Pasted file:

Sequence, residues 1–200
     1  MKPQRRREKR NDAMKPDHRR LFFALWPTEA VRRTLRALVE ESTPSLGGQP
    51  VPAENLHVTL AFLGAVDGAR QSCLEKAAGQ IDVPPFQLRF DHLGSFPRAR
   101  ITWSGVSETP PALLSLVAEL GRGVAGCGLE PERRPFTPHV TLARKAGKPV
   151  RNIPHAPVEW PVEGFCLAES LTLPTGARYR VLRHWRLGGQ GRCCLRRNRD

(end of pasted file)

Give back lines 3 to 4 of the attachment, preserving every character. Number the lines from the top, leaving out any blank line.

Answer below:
    51  VPAENLHVTL AFLGAVDGAR QSCLEKAAGQ IDVPPFQLRF DHLGSFPRAR
   101  ITWSGVSETP PALLSLVAEL GRGVAGCGLE PERRPFTPHV TLARKAGKPV